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Pain Therapy Improves Quality of Life for Caregivers

Pain Therapy Improves Quality of Life for Caregivers

ORLANDO—A randomized trial found that an implantable drug delivery system
(IDDS) was superior to comprehensive medical management (CMM) in reducing
pain among cancer patients and a quality of life analysis showed that
decreasing pain improved quality of life not only for patients but also for
their caregivers.

"When the patient’s pain is relieved, the relief is felt by all," reported
Patrick J. Coyne, RN, MSN, at the 38th Annual Meeting of the American Society
of Clinical Oncology (abstract 1428).

Pain was reduced in both the IDDS and the CMM arms after 4 weeks, although
patients randomized to the IDDS arm did better, with 52% improving vs 39% in
the CMM arm, said Mr. Coyne, clinical director, Thomas Palliative Care Unit,
Virginia Commonwealth University Health System, Richmond. Opioid side effects
were reduced in 50% of patients in the IDDS arm vs 17% in the CMM arm.

The study involved 200 patients with pain not controlled by standard
treatment at 21 centers worldwide, including 5 outside the United States. The
patients were prospectively randomized to IDDS using the Medtronic
intrathecal drug delivery system (n = 101) or CMM (n = 99). Participating
centers had to have a comprehensive pain management team that used IDDS as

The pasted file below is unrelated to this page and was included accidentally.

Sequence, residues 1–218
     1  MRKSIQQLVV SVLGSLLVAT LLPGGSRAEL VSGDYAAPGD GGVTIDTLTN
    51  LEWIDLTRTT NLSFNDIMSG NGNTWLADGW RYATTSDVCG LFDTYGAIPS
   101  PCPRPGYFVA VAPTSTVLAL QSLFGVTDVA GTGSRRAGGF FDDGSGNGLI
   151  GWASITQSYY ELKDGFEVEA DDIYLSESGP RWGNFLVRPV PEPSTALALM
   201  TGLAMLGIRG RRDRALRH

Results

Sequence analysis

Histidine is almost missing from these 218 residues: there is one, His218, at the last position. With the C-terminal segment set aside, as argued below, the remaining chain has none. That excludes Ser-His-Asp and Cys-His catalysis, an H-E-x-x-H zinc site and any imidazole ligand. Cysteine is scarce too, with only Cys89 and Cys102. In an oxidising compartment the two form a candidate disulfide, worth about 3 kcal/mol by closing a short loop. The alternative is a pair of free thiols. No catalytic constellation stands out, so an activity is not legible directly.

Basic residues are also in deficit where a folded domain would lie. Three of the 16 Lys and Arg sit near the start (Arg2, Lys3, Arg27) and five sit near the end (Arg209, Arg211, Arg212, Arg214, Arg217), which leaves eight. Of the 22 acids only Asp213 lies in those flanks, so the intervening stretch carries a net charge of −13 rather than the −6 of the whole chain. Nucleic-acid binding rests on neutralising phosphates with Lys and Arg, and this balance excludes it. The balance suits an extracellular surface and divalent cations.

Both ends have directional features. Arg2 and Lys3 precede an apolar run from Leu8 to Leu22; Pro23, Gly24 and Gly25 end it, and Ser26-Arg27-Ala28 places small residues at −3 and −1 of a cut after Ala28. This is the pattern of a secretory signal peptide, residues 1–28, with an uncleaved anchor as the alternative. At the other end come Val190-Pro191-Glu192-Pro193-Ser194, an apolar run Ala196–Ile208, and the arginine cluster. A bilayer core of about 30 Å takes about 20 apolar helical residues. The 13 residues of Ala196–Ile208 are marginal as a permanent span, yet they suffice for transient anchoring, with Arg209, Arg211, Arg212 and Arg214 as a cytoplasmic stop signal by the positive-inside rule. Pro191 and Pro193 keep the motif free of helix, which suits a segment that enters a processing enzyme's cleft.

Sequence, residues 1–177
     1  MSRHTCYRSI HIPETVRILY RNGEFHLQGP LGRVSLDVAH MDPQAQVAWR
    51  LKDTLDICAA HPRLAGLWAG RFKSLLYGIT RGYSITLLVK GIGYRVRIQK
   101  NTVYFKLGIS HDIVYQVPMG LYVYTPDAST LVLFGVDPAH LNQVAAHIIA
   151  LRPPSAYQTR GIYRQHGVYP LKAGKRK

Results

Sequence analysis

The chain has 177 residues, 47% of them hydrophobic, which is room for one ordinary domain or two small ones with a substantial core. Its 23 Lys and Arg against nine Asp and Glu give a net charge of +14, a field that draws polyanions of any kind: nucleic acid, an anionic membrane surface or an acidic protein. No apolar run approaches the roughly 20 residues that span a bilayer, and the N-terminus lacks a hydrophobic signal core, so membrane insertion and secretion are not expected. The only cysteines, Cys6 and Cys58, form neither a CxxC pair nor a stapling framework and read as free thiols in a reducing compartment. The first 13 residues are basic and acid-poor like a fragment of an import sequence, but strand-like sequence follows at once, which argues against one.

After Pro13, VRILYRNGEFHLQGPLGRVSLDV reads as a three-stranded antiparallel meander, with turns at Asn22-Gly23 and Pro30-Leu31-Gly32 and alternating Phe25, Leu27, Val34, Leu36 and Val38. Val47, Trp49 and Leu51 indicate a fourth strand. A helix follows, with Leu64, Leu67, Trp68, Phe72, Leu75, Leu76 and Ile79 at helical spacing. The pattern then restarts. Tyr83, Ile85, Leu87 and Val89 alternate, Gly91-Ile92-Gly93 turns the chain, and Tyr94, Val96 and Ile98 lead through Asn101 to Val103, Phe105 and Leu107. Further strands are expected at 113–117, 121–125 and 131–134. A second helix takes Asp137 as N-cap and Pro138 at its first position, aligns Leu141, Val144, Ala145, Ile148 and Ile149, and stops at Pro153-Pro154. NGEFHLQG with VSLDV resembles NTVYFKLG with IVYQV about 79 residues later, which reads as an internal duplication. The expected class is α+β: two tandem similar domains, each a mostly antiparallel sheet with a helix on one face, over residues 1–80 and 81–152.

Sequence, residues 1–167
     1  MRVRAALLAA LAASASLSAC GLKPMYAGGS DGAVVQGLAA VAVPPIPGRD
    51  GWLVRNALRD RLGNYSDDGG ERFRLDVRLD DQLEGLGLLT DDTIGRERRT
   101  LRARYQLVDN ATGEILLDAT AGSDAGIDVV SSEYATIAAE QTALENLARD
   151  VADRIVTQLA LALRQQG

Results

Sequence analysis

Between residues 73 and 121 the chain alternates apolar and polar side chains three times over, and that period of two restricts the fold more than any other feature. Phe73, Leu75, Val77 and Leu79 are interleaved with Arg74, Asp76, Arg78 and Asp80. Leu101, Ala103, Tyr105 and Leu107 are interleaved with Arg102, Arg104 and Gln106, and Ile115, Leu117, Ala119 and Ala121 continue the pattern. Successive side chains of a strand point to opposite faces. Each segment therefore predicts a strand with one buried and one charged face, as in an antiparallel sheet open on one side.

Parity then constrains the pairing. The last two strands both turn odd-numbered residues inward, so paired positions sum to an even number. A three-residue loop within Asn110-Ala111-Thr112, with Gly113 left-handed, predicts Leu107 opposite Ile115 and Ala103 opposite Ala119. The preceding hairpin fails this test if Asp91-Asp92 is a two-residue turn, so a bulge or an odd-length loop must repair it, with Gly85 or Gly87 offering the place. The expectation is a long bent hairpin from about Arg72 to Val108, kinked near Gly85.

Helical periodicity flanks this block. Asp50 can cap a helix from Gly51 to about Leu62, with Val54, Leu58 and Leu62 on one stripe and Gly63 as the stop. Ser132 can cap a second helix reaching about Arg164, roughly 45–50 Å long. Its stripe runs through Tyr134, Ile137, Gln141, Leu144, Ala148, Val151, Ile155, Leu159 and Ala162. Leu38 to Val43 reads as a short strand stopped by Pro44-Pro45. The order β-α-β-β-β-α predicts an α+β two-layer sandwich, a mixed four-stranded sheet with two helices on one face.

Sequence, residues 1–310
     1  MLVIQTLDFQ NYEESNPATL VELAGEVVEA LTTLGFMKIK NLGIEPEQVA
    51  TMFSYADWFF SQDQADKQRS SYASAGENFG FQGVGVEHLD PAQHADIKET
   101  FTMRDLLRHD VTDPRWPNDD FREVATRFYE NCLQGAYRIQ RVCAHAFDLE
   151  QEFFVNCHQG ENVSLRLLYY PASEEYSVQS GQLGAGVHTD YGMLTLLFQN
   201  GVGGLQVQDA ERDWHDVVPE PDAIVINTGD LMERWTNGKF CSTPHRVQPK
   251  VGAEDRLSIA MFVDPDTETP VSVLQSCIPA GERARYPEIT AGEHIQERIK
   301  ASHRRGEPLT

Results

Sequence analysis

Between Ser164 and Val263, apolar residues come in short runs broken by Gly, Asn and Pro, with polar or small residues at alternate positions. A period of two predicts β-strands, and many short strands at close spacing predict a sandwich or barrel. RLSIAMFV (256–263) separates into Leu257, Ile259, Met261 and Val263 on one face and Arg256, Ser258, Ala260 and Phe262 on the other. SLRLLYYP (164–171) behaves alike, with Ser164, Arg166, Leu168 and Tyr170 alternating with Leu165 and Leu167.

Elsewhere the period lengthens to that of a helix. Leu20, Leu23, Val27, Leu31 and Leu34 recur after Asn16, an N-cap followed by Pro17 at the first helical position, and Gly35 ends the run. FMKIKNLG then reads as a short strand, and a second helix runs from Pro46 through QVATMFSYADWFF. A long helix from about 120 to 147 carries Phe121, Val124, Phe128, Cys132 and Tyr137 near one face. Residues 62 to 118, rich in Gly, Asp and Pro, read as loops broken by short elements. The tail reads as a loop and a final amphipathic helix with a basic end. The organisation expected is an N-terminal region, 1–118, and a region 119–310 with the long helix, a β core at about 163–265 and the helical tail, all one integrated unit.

part of standard therapy, experience with Agency for Healthcare Research and
Quality (AHCQ) cancer pain guidelines, and a close relationship with an
oncology program.

Patients were well matched with respect to demographic characteristics.
"There was a high incidence of neuropathic and nociceptive pain, higher than
many people may appreciate," Mr. Coyne said. Cancer sites were essentially
comparable in both arms. The lung was the most common site (19.8% of the IDDS
arm and 25.5% of the CMM).

Patients had similar baseline opioid use, visual analogue scale (VAS)
scores for pain, and National Cancer Institute Common Toxicity Criteria (CTC)
scores. The morphine oral equivalent dose was 260 mg/d (range, 135 to 641)
for the IDDS arm and 280 mg/d (range, 120 to 686) for the CMM arm, with
patients in both arms taking an average of one adjunctive medication (range,
0 to 2).

Patients were assessed at baseline, 2, 4, 6, 8, 10, and 12 weeks, and then
monthly over 6 months. Crossover to the other arm was allowed 1 month after
enrollment for pain greater than 5 on the VAS or side effects.

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